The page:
If you’re going through a divorce, or a recently divorced, you may be wondering about traveling with your children. If you’re traveling within the U.S. but plan to return to your present home after a vacation, that is usually not a problem. If your travels will take you out of the U.S., you need to be prepared and make sure that you are not violating any court orders.
What Do You Need to Do?
The two main things you’ll need to think about, while you’re planning a trip abroad: Whether your ex-spouse will have any objections to you taking the kids out of the country; and whether you have the proper documents for U.S. Customs and Border Protection so that the children can exit the United States with you only.
Can You and Your Spouse Agree on the Rules for Traveling With the Kids?
Even if you do not do a lot of traveling with your children, it is still a good idea to address the topic up front. It’s best to try to come to an agreement on this, and as many other issues as possible, while you are going through a divorce.
Because any agreement regarding traveling with your children will work both ways, most spouses can agree on the parameters. In most situations, it’s smart to ask the judge to include a clause in your divorce order that permits either parent to travel with the children. The judge will list the terms of the travel and provide a legal document, such as an affidavit that the parents can present to the airlines when checking in for a flight with the kids.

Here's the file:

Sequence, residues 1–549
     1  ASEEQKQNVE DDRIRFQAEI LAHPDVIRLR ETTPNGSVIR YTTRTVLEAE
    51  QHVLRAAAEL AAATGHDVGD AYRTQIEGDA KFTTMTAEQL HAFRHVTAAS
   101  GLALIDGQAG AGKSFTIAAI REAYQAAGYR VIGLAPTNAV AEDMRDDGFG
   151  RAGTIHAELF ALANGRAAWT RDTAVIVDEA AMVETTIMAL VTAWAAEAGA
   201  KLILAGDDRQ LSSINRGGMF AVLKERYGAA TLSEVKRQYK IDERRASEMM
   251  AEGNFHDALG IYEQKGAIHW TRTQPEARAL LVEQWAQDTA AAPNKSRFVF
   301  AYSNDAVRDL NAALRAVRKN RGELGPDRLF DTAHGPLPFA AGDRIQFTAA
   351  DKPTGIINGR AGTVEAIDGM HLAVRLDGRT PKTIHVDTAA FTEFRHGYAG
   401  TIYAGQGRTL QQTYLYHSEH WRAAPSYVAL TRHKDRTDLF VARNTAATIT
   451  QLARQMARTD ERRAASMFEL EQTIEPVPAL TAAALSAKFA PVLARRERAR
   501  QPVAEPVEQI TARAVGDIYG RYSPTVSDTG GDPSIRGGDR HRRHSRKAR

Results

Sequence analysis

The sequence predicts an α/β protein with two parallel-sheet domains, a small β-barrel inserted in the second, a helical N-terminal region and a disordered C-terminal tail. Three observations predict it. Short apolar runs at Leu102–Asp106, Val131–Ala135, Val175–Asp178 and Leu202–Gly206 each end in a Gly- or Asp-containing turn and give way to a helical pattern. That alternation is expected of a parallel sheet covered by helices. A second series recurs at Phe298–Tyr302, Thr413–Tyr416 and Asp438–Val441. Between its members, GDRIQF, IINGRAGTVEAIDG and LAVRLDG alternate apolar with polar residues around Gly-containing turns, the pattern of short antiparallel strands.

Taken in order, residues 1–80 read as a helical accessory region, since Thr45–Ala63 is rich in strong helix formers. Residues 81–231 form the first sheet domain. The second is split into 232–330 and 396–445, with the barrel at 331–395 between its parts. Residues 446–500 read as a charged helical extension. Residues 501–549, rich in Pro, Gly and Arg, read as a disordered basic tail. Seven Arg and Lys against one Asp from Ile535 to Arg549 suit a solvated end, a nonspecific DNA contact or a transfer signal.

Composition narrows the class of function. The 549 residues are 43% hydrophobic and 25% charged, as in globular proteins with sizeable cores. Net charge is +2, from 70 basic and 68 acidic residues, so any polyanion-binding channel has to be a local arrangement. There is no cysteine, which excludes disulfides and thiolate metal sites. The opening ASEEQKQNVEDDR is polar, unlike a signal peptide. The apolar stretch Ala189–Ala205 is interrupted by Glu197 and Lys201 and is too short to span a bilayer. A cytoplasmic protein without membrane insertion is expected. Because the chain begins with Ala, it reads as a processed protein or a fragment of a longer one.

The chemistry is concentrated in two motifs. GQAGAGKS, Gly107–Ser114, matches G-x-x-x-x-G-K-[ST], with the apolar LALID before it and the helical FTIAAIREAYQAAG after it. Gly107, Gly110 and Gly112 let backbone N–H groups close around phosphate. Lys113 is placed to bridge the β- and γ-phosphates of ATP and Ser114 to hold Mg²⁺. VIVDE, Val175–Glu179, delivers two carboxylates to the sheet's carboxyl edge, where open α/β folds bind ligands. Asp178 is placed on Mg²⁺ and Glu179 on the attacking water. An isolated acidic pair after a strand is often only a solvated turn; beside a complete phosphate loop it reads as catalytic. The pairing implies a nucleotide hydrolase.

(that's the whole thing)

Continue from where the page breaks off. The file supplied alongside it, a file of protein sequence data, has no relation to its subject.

What Does U.S. Customs & Border Protection (CBP) Recommend?
CPB will be on the lookout for children traveling with only one parent or those who may be traveling alone, with a school group and a chaperone, or even kids traveling with grandparents. Because of the increase in international child abductions, border agents are on alert around the world.
CPB recommends that the traveling parent or child traveling alone, always present a note, court order or affidavit signed by the other parent that gives permission for the child to travel. Unless both parents accompany the child, presenting such a document is essential.
Finally, if your children are adopted from another country, were born outside of the U.S., are naturalized U.S. citizens, or are permanent residents, you may need to carry additional documents, as well. In all cases, it is wise to also travel with a certified copy of your custody order, your children’s birth certificates and your divorce order.
Contact an Experienced Divorce and Custody Attorney
If you would like to discuss your options for traveling with your children and what documents you need to carry and present, reach out to an experienced Texas family lawyer.
Source: US Customs & Border Protection